Just more than three years ago, the coconut rhinoceros beetle (Oryctes rhinoceros) arrived in Hawaii, on the island of Oahu. The invasive species is native to Southeast Asia and has not yet become widespread on Oahu, and insect scientists there are working to keep it that way, as the beetle is a damaging pest of the coconut palm tree.
That’s not an easy job, and complicating matters is that another invasive beetle, the oriental flower beetle (Protaetia orientalis), is widespread in Hawaii, and the eggs, first-instar larvae, and droppings of the two species are morphologically indistinguishable. That means identifying the two has required raising larvae specimens to their third instar (life stage), which can take several weeks.
Scientists at the University of Hawaii, however, have developed a new method—leveraging an increasingly common form of DNA test—that promises to make that process much quicker, and thereby better enable the identification emerging populations of the coconut rhinoceros beetle. Their method is reported in a new article published in the Journal of Economic Entomology.
Researchers Shizu Watanabe, Ph.D. and Michael J. Melzer, Ph.D., of the Department of Plant and Environmental Protection Sciences, College of Tropical Agriculture and Human Resources, at UH, identified genetic markers in the beetles that can be used for differentiation via a multiplex polymerase chain reaction (PCR) assay, and the DNA material necessary for the test can be extracted from the beetles’ eggs, larvae, or excrement. Once samples are brought to a lab, the PCR assay can be conducted in just a few hours, Melzer says.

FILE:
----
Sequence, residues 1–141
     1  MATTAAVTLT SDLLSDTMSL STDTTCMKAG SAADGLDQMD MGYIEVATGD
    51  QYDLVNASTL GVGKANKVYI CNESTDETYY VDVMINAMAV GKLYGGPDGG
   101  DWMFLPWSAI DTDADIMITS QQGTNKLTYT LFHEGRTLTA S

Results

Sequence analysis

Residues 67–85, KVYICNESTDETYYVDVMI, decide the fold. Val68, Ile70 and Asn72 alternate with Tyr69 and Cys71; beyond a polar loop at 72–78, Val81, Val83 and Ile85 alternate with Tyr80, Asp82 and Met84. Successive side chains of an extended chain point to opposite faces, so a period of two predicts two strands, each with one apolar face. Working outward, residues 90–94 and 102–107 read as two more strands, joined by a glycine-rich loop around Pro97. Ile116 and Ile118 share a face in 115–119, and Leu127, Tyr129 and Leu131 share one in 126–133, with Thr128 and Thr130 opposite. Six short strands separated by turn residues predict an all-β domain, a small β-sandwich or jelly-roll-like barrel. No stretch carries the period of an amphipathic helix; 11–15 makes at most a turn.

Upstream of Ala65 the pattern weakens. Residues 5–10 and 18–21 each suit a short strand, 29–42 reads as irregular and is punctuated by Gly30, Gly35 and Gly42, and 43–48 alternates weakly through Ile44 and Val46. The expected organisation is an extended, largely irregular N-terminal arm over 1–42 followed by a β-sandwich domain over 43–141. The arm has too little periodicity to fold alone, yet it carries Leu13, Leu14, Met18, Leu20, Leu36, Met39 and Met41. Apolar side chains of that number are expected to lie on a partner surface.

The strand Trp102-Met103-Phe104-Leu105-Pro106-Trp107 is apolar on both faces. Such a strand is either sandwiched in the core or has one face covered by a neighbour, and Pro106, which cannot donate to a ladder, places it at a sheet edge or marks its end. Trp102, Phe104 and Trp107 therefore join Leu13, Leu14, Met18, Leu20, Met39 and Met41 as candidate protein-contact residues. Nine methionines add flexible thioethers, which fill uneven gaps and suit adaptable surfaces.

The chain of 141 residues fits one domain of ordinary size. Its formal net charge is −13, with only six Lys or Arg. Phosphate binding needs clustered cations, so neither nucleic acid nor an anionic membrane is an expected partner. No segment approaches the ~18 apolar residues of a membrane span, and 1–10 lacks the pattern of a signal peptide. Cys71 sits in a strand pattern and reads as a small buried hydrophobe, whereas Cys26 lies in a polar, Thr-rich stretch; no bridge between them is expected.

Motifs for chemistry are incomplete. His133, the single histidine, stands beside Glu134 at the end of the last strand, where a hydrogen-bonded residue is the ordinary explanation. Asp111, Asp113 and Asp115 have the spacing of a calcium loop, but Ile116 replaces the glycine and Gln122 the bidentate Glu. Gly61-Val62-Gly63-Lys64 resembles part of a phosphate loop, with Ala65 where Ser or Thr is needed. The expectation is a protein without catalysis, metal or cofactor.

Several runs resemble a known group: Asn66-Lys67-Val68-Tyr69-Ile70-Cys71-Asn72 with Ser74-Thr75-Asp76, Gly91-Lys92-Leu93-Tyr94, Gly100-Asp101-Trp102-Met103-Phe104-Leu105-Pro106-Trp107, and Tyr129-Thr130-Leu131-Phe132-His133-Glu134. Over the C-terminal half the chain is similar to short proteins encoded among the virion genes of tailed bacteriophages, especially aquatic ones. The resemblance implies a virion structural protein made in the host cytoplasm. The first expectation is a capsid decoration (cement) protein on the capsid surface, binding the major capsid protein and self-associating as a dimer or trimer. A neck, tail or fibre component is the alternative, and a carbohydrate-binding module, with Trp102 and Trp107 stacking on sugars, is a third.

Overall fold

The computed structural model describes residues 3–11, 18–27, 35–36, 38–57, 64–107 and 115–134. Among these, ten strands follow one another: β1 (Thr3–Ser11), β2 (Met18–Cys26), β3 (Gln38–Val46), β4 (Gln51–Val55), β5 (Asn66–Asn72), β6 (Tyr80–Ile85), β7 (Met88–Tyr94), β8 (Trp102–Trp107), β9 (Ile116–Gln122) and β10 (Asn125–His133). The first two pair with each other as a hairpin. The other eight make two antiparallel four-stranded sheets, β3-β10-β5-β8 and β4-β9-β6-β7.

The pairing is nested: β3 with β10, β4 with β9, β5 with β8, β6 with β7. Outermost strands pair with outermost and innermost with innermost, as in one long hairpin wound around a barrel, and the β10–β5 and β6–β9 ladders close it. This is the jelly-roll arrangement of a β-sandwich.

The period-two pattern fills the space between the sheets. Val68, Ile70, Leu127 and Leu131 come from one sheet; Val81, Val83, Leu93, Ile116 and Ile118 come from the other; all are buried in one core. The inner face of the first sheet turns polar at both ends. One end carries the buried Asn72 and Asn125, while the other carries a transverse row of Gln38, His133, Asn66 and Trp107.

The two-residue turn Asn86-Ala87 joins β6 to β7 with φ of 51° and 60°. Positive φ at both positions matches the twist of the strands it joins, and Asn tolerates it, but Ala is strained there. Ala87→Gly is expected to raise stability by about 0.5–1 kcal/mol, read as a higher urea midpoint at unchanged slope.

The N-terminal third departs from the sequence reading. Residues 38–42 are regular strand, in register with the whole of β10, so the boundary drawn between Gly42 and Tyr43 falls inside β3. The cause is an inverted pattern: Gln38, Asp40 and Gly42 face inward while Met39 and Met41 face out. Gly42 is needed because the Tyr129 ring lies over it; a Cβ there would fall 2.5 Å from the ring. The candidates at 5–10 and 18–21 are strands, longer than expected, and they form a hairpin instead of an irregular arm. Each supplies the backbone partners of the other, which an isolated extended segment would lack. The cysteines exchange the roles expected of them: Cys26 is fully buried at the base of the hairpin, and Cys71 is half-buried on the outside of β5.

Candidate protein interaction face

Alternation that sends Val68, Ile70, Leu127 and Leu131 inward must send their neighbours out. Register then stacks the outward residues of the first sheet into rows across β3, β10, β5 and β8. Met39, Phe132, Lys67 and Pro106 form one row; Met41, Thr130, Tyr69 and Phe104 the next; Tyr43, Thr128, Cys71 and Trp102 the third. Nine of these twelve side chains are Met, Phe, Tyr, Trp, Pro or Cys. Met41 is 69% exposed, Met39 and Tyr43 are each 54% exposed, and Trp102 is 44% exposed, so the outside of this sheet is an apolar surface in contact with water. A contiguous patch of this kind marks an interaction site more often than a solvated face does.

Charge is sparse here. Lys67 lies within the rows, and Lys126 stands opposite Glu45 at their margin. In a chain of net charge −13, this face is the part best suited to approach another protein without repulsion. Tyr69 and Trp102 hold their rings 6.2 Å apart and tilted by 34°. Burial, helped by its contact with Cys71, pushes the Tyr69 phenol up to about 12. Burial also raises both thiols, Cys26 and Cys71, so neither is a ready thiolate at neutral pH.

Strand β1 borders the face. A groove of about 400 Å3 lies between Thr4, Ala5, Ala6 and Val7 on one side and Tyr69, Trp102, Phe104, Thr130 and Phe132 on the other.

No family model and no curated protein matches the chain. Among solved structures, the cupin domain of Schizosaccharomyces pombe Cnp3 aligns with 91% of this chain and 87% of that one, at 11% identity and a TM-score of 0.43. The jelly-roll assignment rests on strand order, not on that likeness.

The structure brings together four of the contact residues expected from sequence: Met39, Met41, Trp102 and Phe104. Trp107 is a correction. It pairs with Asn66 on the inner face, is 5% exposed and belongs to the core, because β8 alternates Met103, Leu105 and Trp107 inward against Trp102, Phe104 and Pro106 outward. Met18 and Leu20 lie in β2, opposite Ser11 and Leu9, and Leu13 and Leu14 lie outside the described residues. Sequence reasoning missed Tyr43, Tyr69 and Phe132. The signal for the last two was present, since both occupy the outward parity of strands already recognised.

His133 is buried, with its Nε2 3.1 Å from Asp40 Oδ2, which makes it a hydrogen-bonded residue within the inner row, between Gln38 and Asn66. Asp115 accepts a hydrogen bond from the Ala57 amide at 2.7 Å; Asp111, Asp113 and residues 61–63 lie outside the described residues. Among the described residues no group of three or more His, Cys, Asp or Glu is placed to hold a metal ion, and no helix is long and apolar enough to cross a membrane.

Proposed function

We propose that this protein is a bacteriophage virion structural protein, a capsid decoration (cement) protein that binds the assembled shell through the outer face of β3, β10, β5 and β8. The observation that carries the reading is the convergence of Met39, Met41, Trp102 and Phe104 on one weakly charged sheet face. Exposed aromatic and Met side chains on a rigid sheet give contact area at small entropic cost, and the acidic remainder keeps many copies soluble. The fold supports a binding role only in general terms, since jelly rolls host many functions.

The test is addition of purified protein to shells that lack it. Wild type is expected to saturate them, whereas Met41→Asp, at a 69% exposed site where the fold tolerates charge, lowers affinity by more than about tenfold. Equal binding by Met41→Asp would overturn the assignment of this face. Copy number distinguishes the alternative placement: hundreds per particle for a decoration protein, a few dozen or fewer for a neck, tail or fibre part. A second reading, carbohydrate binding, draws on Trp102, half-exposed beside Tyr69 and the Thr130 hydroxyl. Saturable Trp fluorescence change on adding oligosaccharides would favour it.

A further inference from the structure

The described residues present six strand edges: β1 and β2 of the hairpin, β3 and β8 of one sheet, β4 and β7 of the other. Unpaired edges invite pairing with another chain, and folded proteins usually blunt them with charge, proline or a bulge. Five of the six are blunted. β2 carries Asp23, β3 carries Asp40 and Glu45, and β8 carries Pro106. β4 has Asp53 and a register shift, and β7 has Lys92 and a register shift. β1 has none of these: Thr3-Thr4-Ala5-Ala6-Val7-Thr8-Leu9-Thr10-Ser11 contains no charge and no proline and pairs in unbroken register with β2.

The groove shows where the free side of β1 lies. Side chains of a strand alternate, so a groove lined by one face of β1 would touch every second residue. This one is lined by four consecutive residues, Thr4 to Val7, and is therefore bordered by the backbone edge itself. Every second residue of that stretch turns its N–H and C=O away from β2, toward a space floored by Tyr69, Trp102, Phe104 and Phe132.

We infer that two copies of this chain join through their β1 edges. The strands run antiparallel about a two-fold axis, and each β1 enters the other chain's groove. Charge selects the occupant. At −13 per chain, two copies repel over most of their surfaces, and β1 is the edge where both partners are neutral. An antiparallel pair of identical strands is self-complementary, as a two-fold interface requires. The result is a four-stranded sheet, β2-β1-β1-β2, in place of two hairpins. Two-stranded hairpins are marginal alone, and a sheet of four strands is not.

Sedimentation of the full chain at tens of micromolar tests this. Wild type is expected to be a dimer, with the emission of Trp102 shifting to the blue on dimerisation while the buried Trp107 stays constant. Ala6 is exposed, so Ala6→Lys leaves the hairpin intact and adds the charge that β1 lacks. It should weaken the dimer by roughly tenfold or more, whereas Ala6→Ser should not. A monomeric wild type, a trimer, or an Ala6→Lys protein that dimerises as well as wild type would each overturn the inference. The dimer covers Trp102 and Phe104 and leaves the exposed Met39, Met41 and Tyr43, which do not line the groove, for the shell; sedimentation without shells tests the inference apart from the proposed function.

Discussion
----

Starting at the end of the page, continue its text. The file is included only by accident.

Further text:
The new method will help “ensure that eradication efforts are being directed at coconut rhinoceros beetle and not oriental flower beetle. This assay will help to prevent any misidentification in the field,” Melzer says. “Such misidentifications might result in resources targeting oriental flower beetle, or worse, ignoring a coconut rhinoceros breeding site because the specimens discovered were identified as oriental flower beetle.”
The molecular assay method for identifying insects, when developed for specific species, can be an important resource in efforts to stay one step ahead of invasive species—such as this recent example of a portable immunoassay test for red imported fire ants.
“For species that require highly technical expertise for identification, molecular assays represent a reasonably straight-forward approach for identification, either as stand-alone assays or in parallel with morphological identification,” Watanabe and Melzer write in their article. “For pests of regulatory concern, rapid and accurate insect identification is essential, and molecular assays can address these needs.”
Read more: “A Multiplex PCR Assay for Differentiating Coconut Rhinoceros Beetle (Coleoptera: Scarabaeidae) From Oriental Flower Beetle (Coleoptera: Scarabaeidae) in Early Life Stages and Excrement,” Journal of Economic Entomology